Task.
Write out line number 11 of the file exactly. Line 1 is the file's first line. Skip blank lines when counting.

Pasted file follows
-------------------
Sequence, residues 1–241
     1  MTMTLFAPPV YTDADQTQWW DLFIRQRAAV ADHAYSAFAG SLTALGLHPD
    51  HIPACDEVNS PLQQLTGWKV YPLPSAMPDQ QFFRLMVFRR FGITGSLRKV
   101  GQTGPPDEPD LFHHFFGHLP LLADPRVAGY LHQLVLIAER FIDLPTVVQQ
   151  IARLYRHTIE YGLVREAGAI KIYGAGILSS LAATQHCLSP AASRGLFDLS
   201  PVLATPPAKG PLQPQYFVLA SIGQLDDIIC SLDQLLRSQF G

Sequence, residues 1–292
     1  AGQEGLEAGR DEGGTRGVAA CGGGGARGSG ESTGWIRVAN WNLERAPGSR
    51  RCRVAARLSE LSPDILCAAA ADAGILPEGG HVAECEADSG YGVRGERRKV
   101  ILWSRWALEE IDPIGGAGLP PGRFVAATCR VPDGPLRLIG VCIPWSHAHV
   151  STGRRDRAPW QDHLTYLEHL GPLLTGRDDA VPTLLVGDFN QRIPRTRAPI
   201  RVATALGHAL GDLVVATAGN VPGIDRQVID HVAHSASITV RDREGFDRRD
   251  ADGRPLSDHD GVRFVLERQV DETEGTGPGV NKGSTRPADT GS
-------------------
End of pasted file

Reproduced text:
   151  STGRRDRAPW QDHLTYLEHL GPLLTGRDDA VPTLLVGDFN QRIPRTRAPI